“I’m looking forward to focusing all my attention on the economic development programs in Wichita,” Chase said. “My first passion is helping a community improve itself by building wealth for all its citizens. I had the opportunity to speak to GWEDC investors at their Mid-Year reporting meeting in July of 2009. At that time the community was struggling through the brutal impacts of the national recession. I was intrigued when I revisited Wichita this month to learn that leadership has truly coalesced around being more competitive and how the Leadership Council is ready to create change and momentum in building wealth throughout the community.”
During his 24 years in economic development Chase has worked with hundreds of companies to keep them strong, add net-new employment, and attract companies to backfill jobs lost through attrition from normal business cycles.
“Economic development is a way of thinking long-term and of deploying community resources in such a way as to recognize the realities of the current environment and facilitate positive change in a community,” Chase said.
Wichita Metro Chamber of Commerce President and CEO Gary Plummer said, “We have a real opportunity as a community to fully capitalize on our strengths and address our barriers, and Tim is just the person to sell the community while helping us develop and shape our future. We have a very experienced and dedicated staff who with Tim’s leadership and experience, will ensure we reach our goal.”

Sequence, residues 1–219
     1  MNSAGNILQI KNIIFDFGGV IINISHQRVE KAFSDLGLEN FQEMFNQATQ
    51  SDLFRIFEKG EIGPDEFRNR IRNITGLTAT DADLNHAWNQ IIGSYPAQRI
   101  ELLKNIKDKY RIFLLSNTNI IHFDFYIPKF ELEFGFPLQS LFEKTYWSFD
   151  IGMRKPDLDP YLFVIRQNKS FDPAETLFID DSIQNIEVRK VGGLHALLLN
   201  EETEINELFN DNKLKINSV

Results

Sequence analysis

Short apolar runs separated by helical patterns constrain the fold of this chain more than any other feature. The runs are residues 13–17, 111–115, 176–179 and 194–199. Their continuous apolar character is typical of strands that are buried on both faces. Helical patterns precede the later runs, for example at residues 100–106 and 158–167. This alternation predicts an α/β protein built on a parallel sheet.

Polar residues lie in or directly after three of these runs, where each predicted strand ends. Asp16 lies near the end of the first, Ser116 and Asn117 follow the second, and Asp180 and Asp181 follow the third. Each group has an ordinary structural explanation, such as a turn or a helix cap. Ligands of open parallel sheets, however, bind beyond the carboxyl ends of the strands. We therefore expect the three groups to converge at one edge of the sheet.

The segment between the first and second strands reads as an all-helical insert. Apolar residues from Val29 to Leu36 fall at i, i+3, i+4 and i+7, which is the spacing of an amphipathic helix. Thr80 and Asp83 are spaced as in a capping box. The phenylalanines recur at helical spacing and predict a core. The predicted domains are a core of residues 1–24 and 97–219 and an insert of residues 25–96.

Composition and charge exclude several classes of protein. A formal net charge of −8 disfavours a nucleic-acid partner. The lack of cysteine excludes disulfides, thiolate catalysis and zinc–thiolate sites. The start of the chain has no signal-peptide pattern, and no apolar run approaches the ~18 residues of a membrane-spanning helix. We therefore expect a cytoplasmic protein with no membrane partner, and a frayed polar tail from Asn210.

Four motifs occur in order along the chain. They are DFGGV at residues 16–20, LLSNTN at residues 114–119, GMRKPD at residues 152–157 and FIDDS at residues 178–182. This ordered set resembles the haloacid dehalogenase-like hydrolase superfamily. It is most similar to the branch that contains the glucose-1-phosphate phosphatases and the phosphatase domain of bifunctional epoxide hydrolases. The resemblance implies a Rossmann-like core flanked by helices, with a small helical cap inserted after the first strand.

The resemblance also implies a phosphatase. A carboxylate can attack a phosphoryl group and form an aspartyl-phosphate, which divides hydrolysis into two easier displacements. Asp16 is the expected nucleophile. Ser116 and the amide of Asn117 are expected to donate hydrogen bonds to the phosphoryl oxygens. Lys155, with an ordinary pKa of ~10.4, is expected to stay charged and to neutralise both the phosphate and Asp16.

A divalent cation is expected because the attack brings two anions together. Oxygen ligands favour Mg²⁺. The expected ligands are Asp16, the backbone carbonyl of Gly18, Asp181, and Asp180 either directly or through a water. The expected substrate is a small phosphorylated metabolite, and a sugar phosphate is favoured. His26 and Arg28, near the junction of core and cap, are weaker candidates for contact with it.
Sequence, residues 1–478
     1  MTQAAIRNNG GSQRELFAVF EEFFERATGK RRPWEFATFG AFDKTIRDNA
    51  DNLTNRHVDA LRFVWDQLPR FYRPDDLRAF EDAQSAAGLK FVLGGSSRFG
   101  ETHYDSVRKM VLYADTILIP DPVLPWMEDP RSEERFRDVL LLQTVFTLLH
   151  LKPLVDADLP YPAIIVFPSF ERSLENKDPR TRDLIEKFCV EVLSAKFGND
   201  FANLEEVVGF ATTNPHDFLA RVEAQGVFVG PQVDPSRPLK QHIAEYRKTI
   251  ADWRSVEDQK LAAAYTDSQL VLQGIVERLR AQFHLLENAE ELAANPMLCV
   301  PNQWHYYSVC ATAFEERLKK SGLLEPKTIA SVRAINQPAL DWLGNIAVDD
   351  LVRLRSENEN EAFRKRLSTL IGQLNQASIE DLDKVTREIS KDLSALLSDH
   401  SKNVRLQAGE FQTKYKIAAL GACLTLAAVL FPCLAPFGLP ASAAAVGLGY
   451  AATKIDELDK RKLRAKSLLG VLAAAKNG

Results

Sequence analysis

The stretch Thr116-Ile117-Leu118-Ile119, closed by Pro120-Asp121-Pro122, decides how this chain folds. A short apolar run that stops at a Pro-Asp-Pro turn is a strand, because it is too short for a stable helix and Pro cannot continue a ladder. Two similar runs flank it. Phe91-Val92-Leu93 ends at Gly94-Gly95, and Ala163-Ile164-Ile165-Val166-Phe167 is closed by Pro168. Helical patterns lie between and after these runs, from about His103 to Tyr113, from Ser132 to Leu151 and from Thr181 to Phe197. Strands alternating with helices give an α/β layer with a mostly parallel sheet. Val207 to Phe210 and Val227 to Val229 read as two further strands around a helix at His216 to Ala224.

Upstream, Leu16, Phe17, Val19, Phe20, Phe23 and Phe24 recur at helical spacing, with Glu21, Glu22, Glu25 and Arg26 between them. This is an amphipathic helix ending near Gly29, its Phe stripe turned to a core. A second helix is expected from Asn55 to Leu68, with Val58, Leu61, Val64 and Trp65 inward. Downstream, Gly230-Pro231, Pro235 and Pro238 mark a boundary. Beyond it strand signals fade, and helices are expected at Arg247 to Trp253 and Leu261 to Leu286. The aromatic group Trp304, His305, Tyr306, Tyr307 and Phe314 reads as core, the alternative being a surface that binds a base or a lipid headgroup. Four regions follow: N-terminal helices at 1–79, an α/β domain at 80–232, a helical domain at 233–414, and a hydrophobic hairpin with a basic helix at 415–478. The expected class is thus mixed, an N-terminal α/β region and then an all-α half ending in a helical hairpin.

Chase is one of 1,200 Certified Economic Developers as designated by the IEDC. IEDC named him one of only 300 Fellow Members nationally in 2001, when he was also elected to the IEDC’s Board of Directors. In Texas, he has served on numerous statewide committees, including in 2008 and 2009 as Chairman of “Team Texas,” an association of 55 communities that market themselves for new investment. He was appointed to the Governor’s Regional Commercialization and Innovation Council to identify and finance entrepreneurial projects in the Dallas Metroplex in 2009.
“We have continued to build upon our abilities to keep and attract companies and investment,” said GWEDC Chairman Steve Sharp, Vice President, Corporate Controller for Spirit AeroSystems. “We have a great staff and a great story, and now we need to have the continued conversation of what the community wants and how we work together to move in the same direction. Given Tim’s leadership and experience in economic development, Tim will add a new dimension to that conversation.”